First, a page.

Saturday, May 4, 2013
Donald Roebling (1908-1959)
Donald Roebling is, indeed, not a household name these days. Born of a New York family that included the designer of Brooklyn Bridge (his grandfather, Washington A. Roebling), Roebling actually attended boarding school at the Stuyvesant School in Warrenton, Virginia for his high school years (class of 1926). Incidentally, the school was founded by a Mr. Edwin King that was a direct descendant of another New Yorker, the famous Dutchman Peter Stuyvesant.
Donald Roebling, some years after his high school graduation, was inspired to design a machine that could operate on both land and sea. His desire came from a wish to assist hurricane victims, as he had been living in Florida.
The result of his work was, however, a vehicle that caught the attention of the US Marine Corps, and would become known as the LVT -- Landing Vehicle, Tracked. He had called it the alligator.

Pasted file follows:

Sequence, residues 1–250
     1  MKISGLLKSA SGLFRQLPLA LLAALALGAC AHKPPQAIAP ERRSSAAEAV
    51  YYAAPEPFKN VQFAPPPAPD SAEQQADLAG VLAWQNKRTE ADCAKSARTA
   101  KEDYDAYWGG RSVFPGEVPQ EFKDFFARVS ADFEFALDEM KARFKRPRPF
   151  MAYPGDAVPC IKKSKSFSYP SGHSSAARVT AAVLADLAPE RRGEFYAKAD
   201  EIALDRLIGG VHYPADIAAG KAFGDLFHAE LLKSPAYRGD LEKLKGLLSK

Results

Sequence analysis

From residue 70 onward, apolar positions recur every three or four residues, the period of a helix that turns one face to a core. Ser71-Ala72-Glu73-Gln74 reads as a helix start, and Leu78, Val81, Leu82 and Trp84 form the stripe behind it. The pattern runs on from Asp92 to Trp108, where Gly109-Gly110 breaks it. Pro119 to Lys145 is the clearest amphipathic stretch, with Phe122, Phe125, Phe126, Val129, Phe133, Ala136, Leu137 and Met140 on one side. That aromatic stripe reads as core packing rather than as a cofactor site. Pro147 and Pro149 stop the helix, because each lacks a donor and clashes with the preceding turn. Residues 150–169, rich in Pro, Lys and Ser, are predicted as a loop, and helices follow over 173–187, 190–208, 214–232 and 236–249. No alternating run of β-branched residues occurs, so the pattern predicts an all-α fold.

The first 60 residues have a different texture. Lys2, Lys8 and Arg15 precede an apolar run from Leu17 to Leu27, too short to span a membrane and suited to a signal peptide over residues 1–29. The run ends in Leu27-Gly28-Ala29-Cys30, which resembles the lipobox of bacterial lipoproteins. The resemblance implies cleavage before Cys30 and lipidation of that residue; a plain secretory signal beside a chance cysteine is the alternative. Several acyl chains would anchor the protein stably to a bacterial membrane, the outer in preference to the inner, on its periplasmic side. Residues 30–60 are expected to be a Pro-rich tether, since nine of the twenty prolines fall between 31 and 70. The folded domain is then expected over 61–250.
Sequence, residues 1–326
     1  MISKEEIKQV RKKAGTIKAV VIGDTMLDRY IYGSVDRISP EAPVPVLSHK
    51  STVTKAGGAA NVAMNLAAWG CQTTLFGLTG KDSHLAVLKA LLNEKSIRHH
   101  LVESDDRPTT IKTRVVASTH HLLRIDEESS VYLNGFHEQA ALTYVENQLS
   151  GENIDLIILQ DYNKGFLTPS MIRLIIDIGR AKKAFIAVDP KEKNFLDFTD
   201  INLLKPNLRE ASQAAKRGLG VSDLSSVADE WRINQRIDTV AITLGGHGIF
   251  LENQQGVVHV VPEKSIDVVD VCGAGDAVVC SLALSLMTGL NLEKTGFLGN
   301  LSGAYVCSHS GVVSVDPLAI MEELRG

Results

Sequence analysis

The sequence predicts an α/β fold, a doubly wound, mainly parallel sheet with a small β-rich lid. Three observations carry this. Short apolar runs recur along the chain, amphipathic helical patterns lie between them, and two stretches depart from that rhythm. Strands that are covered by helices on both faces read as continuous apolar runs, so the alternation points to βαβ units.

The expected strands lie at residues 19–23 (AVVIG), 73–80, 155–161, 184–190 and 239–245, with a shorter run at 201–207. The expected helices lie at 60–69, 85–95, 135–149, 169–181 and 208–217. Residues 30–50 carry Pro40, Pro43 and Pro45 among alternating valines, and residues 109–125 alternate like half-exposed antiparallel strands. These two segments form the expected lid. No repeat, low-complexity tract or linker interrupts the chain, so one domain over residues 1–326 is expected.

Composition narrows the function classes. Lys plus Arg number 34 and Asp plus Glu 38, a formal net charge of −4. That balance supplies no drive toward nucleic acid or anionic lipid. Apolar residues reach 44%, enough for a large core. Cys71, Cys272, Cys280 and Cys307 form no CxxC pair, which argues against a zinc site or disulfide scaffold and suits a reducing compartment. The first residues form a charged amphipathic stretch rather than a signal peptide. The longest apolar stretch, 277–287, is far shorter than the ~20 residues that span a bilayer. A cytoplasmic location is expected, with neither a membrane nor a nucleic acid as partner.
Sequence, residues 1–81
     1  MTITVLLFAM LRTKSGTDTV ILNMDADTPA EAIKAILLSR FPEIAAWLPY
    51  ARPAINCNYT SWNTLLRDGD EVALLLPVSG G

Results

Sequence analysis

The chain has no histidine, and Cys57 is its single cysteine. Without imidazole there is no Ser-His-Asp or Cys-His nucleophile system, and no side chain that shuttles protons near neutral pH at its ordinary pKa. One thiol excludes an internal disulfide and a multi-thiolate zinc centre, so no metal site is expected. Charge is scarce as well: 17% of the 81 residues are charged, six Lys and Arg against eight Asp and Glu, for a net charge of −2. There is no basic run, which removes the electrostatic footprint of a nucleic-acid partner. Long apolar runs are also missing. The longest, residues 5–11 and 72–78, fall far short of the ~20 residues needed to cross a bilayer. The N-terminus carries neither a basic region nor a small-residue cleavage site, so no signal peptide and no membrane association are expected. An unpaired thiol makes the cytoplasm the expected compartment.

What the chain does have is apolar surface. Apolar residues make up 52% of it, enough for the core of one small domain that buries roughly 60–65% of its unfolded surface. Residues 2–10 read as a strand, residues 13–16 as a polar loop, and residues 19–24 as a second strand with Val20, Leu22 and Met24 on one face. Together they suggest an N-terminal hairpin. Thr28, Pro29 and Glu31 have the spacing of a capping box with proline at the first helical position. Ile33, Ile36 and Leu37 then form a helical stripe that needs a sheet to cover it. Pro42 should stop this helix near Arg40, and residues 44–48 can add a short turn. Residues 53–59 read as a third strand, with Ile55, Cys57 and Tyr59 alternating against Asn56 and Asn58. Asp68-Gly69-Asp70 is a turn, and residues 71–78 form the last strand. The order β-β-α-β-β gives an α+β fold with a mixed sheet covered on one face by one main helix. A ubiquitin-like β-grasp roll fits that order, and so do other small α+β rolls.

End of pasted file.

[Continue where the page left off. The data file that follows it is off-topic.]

This website gives a splendid overview of the vehicle:
Donald Roebling ended up a rather roundabout Marine Corps hero, with his invention being constructed by the thousand for the amphibious assaults of World War II.
His home in Clearwater, Florida, is on the register of historic places. The rotund Roebling died in 1959 in the wake of Gall Bladder surgery.
Today, there is a Roebling Street in Warrenton, Virginia, near the site of his old high school alma mater (now St. John the Evangelist Parish and School).
Here is a Time article on Mr. Roebling:
This link goes to a lengthy work on Roebling's Amphibian:
With acknowledgements to Mr. John Toler, whose article in the May 2013 issue of Warrenton Living brought Donald Roebling to his attention and provided a number of details mentioned in this post.